5NACEHistoryInterest begin in the 1950s after WWII. Natural gas was beginning to be used by industry. Sour gas was encountered in wells being drilled.Standard is based on 50 yrs of experience.Main goal is to prevent failures that would allow exposures to people and the environment.Standard applies to down hole, Xmas Tree, & surface facilities. NOT process plants, refineries, etc.Keep in mind that NACE MR0175 is a document primarily intended to keep people safeWe may not like the some of the limitations but these changes are largely due to material failures.
6NACEHistoryFatalities from an accident in West Texas prompted the Texas Railroad Commission to ask the industry to write a document to help prevent such incidents in the future.Failure mode identified as SSC & SCC.Materials failing were identified as materials with HIGH HARDNESS & HIGH TENSIL STRENGTHSKeep in mind that NACE MR0175 is a document primarily intended to keep people safeWe may not like the some of the limitations but these changes are largely due to material failures.
7NACEBACKGROUNDThe new standard addresses issues which were not considered in the previous version of NACE MRThe new standard acknowledges, in addition to SSC, other potentially catastrophic failure mechanisms resulting from sour environments.Mechanisms specified in MR0175/ISO includeas chloride stress corrosion cracking,hydrogen-induced cracking and stepwise cracking,stress oriented hydrogen-induced cracking,soft zone crackinggalvanically-induced hydrogen stress cracking;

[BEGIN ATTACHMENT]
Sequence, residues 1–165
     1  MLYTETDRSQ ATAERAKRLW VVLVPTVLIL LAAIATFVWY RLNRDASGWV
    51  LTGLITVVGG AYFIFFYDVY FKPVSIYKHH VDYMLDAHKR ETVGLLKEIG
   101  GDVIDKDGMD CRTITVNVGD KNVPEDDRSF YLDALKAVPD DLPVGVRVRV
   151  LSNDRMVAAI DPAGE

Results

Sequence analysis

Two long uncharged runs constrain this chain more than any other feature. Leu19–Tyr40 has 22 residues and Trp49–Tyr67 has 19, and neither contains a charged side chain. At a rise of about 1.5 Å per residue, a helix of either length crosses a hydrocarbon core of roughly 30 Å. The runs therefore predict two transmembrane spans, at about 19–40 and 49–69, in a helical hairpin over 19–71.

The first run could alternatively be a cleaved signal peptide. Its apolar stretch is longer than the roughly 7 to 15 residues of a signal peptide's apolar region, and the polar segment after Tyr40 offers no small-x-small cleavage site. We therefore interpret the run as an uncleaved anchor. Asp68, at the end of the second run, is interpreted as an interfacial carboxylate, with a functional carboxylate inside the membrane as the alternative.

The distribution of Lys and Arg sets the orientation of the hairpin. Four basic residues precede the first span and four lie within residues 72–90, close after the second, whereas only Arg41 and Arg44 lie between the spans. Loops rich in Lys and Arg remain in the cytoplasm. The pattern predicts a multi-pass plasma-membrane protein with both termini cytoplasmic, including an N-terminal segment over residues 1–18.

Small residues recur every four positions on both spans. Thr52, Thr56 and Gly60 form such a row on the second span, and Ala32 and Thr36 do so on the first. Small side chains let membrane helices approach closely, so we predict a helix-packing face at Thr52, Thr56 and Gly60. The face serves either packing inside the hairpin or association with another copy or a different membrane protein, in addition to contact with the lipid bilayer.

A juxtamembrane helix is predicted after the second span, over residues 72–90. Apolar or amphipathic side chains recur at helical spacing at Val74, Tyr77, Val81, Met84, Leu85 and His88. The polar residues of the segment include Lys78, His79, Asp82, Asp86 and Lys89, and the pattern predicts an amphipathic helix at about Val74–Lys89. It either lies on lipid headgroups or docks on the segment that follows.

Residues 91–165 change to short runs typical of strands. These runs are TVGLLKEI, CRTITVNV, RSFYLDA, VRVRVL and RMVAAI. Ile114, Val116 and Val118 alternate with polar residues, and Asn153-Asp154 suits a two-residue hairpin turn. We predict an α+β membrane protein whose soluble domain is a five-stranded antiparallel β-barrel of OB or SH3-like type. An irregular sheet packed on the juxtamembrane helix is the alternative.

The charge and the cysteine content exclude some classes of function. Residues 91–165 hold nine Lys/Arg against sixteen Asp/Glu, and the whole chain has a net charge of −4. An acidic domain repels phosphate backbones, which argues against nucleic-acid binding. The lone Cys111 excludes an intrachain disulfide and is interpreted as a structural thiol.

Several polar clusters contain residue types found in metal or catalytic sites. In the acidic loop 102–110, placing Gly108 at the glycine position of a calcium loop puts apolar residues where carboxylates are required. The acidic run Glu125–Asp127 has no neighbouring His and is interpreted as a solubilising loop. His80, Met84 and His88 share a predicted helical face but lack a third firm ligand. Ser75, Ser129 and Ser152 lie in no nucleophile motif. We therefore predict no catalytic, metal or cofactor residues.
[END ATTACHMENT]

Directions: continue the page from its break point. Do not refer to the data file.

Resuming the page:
8NACEThe new standard:addresses the synergistic effects of H2S with other environmental factors (chloride content, temperature, pH, etc.) on the cracking resistance of many listed materials;limits the use of many of the listed metals through additional environmental restrictions which were not taken into account by the previous NACE MR0175 versions.
9NACE Structure of New Document The new NACE MR0175/ISO consists of 3 parts:Part 1- General Principles for Selection of Cracking-Resistant MaterialsPart 2- Cracking-Resistant Carbon and Low Alloy Steels, and the use of Cast IronsPart 3- Cracking-Resistant CRAs (Corrosion-Resistant Alloys) and Other Alloys
10NACE CHANGES - Responsibilities “It is the responsibility of the user to determine the operating conditions and to specify when this standard applies. The manufacturer is responsible for meeting metallurgical requirements. It is the user’s responsibility to ensure that a material will be satisfactory in the intended environment.”The owner company is a user.These are NOT users.An equipment manufacturer is NOT a user.An mill is NOT a user.A distributor is NOT a user.A consultant or contractor are NOT users.